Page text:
my cat is not urinating on his own
by Nandani Pillai
(pune , maharashtra)
hi, it is 15 days past my cat is getting treatment from a vet but no sign of improvement. Suddenly one he was not able to jump on bed and stomach was looking big . I took him to the vet and he said he has eaten lot and give some digestive tonic and tablets and injections. In the night he was not able to walk only and till now he is not walking. Then i took him to another vet who done xray and 2 twice blood test first it shows anemia and then moderata polychromasia, antisocyis,wbc count seen. In x ray kidney and liver size has grown.. But he is eating well and drinking also. I need help .. Pls reply as soon as possible. He is 2 years old.
For a cat that is only two years old, it is unusual to have something like this happen unless he was exposed to a disease very early in his life. Or, could he have ingested a chemical or a poison recently?
The anemia can be a symptom of other diseases. For example: blood loss takes place through the gastrointestinal tract as a result of hookworm or coccidia infestation, tumors, or ulceration. External parasites such as fleas and lice can cause a cat to lose surprising amounts of blood. Your vet can do a stool check to check the internal pests. However, eighty percent of feline anemias are due to inadequate red blood cell production. Trace minerals, iron, vitamins, and essential fatty acids are incorporated into red blood cells, so a lack of some of these building materials will result in a failure to manufacture the red blood cells and the result is anemia.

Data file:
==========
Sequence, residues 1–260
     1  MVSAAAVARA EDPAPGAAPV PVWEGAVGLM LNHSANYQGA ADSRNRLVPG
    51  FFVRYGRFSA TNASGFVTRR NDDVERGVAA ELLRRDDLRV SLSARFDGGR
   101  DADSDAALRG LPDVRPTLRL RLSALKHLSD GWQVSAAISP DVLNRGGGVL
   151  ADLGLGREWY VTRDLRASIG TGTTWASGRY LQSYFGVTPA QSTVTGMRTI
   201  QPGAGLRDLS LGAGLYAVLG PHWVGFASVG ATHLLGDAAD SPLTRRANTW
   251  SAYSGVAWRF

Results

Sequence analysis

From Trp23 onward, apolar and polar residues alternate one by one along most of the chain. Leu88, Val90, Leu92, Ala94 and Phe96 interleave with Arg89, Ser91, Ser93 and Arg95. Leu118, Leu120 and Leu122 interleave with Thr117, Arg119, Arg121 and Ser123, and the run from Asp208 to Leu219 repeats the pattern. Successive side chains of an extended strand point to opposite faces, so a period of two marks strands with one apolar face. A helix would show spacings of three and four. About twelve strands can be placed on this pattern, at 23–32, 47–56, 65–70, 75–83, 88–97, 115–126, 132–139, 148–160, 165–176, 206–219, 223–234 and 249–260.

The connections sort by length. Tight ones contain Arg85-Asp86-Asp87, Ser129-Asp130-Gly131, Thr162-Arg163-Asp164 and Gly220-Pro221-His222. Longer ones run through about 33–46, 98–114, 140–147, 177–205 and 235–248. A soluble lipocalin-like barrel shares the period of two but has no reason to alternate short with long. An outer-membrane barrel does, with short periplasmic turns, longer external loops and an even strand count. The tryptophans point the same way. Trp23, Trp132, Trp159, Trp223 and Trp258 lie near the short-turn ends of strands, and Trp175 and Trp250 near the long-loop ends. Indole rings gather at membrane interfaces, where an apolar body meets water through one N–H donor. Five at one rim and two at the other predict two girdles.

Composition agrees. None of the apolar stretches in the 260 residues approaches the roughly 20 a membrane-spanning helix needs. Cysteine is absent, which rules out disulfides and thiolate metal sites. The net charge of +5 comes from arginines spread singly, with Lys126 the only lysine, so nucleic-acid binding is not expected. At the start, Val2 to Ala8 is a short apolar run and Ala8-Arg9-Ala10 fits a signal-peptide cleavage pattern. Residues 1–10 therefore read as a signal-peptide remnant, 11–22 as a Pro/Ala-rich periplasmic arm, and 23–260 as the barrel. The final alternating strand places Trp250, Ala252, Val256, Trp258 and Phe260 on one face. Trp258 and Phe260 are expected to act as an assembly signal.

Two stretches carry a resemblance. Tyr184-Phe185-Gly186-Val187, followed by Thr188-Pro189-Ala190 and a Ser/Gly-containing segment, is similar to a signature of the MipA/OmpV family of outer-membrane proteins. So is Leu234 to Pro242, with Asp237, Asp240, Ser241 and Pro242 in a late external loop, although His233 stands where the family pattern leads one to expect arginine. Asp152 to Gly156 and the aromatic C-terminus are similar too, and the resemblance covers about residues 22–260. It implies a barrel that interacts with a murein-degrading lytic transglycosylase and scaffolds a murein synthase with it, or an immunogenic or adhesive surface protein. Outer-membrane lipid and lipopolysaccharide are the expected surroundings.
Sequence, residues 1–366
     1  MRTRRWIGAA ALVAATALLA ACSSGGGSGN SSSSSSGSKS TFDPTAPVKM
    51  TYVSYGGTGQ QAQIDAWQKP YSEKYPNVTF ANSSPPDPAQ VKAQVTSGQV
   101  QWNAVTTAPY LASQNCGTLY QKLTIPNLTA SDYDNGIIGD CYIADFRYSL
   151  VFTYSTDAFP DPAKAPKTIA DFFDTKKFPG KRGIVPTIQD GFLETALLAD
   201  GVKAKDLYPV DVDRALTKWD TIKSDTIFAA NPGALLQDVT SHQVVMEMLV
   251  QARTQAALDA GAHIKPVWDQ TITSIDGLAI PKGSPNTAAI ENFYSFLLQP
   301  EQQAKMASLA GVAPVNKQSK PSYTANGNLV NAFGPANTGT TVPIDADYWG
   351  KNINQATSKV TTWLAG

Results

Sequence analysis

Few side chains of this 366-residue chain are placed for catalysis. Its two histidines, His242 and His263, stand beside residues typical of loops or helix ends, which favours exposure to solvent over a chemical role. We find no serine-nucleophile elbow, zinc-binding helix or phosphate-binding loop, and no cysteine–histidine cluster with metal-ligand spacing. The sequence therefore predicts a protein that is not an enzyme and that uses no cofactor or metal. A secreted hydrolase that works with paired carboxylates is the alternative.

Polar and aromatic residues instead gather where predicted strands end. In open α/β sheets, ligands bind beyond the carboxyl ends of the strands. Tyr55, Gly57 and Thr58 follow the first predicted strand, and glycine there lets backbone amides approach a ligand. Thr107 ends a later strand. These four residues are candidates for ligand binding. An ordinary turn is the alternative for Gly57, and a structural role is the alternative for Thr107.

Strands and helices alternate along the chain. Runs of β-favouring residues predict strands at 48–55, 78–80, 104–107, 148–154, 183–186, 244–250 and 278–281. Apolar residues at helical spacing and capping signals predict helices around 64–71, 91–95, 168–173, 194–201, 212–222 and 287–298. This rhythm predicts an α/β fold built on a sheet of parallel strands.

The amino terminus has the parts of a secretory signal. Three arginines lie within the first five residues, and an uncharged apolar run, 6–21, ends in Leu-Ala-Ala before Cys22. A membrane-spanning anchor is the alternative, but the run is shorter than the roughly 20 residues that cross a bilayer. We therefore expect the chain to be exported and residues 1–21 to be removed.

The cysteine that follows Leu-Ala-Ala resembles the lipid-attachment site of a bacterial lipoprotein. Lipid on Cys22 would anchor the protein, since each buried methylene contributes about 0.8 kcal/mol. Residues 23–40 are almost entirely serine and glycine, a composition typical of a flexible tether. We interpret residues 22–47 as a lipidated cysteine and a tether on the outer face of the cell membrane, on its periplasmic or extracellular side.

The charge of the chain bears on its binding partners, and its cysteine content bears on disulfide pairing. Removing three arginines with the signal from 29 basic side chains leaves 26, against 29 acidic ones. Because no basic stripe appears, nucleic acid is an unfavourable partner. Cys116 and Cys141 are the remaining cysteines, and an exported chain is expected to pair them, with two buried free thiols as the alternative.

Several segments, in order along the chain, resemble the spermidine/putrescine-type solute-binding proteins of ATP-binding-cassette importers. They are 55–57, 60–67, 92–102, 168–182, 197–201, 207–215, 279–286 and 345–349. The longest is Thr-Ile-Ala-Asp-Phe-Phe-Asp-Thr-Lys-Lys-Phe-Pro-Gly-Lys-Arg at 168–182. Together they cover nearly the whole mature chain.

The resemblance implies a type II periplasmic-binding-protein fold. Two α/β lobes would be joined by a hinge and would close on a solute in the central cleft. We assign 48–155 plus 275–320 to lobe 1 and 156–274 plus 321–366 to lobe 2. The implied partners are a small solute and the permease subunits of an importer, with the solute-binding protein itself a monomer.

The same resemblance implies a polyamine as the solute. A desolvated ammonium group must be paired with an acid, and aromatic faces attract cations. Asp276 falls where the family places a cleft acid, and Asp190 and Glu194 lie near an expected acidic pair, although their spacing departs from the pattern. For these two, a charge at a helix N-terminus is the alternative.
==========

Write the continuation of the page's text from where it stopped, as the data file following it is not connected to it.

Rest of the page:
Also, a number of diseases and toxic agents interfere with the production of red blood cells in the bone marrow. They include Feline Leukemia Virus and Feline Infectious Peritonitis, some cancers, kidney failure with uremia, and various chemicals, poisons and even drugs like chloramphenicol.
I am not a vet but I suspect something to do with the kidneys. Liver problems could be involved because of the stomach distension but because your cat is still eating well it leads me back to kidneys. Please have your vet run the required tests because some kidney disease versions are treatable with early diagnosis with dietary changes, medication regimes and fluid therapies. My page on Feline Kidney Disease outlines what the disease is and how it is managed. Kidney failure leads to a deficiency of erythropoietin, a hormone that stimulates red blood cell production in the bone marrow.
While you and your vet are working to resolve the problems that your cat is having, you may have to “express his bladder” to help him eliminate the urine. Either your vet can show you how to do it or you can see a video on YouTube (there are several). I hope I have given you some options to consider...and I wish you well.